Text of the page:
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    @coburne No, they are an animal which has been plucked outside of evolution by mans interference and introduced into an environment where they are not meant to be. Nature simply hasn't been able to catch up (yet). There are numerous, numerous examples of devastation caused by this kind of interference, see rabbits or cane toads in Australia. – user2766 Aug 17 '16 at 14:28
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Excellent answers already; one point no-one has covered is that greys will occasionally eat eggs / chicks of small birds. Wikipedia says there is a lack of evidence on the actual impact of that, but it is something that does have a wider effect and that reds very, very rarely do.

However, there is, in the UK at least, also a reverse viewpoint. The introduced grey squirrels are greater generalists than the reds. Red squirrels thus suffer far more from habitat destruction and climate change than greys.

You often see greys bouncing along the pavements in my town, a city of 250,000 - they can live in parks or gardens and will coexist with humans and eat a wide range of foods; whereas reds are limited to conifer woods.

So another way of looking at it is that humans have depleted the red squirrel population by destruction of their specific habitat requirements, and the greys have filled the gap. The greys get a bad rap as invasive vermin, but we should really be looking at what we did that allowed them to become so dominant.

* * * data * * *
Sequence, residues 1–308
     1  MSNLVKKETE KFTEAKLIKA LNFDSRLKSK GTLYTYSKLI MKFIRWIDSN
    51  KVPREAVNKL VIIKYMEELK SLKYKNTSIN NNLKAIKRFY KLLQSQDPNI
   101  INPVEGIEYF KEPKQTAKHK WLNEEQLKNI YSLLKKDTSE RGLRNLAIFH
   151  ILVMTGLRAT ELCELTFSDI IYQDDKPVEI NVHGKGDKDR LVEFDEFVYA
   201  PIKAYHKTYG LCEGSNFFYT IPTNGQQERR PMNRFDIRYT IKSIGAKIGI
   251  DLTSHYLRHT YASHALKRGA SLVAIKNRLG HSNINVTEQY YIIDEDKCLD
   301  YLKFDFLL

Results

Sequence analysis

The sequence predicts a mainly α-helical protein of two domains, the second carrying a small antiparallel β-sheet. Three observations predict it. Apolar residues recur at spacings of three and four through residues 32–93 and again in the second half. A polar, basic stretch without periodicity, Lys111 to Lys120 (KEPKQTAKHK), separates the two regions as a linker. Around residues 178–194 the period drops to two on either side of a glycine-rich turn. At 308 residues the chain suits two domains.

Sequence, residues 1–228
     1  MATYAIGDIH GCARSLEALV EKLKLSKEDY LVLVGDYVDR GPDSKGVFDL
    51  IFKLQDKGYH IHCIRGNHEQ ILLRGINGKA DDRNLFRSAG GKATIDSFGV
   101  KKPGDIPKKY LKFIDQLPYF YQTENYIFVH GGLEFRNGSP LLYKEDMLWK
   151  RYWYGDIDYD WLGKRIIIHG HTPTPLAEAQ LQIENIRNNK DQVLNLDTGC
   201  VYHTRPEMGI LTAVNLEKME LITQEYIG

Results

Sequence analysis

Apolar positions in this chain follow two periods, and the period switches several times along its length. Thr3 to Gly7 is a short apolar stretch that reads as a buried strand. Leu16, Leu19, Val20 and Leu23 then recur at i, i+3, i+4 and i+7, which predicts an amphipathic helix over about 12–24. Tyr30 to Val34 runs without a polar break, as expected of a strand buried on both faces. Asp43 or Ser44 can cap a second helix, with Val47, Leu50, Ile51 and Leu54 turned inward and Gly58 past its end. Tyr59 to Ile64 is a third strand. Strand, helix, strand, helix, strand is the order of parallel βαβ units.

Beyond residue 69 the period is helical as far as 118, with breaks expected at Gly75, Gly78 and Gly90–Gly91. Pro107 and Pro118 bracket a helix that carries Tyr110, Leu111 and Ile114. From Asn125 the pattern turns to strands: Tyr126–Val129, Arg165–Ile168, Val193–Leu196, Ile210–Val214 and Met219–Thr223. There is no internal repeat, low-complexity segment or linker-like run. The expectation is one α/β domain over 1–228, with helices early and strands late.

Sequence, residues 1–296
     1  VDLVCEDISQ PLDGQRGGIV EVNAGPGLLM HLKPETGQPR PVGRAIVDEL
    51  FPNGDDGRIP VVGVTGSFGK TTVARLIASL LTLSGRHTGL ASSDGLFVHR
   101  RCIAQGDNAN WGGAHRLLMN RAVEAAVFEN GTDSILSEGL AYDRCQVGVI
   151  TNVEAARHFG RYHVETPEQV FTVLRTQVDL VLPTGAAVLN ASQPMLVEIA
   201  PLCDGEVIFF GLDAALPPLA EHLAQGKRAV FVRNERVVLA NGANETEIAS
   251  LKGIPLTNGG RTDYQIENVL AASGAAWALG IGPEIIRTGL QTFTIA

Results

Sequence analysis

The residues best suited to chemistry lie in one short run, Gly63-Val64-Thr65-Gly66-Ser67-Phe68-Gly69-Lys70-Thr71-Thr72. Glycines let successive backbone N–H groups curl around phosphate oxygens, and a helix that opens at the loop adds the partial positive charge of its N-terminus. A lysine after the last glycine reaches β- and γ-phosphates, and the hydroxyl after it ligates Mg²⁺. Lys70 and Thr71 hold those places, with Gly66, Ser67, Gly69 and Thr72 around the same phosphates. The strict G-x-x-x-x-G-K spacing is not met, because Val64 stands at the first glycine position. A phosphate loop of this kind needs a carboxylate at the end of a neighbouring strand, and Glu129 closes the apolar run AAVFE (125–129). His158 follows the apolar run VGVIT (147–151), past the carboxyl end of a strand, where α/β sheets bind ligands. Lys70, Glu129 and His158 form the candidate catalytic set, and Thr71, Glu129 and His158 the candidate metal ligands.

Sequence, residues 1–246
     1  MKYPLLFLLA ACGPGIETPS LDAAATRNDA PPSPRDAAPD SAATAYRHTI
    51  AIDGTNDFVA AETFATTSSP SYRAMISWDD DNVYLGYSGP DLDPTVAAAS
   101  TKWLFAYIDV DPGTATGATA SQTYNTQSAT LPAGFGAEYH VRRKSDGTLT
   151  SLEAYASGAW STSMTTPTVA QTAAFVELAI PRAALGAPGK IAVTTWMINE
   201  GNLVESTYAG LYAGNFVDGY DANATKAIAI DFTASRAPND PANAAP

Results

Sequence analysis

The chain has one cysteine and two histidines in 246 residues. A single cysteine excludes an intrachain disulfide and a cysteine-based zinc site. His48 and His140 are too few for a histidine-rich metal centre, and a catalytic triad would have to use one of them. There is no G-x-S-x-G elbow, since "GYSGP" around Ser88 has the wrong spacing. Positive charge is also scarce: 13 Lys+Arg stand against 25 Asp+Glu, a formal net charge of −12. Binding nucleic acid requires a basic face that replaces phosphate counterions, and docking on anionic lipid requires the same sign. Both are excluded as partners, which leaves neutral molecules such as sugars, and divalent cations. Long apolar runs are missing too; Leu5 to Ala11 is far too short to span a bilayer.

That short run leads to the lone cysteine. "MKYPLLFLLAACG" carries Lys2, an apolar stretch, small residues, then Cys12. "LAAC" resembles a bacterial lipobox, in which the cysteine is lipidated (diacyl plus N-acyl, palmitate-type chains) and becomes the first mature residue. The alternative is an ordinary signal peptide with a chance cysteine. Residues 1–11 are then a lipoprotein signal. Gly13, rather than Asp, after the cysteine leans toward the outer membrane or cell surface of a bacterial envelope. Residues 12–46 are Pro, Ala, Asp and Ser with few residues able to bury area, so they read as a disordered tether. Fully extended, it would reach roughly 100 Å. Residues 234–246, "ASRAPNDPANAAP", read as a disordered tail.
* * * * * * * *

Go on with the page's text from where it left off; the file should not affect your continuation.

Britain’s surviving red squirrels feel the pressure (New Scientist)

However, reds do have some natural advantages; they have greater agility, enabling them to avoid pine martens, a major predator.

In neighbouring Ireland, the population of the less nimble greys crashed when pine martens became more abundant, while the reds were unaffected

Pine marten in search of a snack takes a selfie (New Scientist)

In answer to your actual question, in my view there is no straightforward answer. Liam's statement of "any (unnatural/man made) change in an ecosystem should be resisted" is a classic conservation viewpoint, but there are other ones, and once a change such as an introduction of an non-native species has occurred then any attempt to resist risks being an even more dramatic man-made intervention. Also, a species as successful as the greys will spread widely itself - at what point does their population growth into other areas become natural rather than introduced?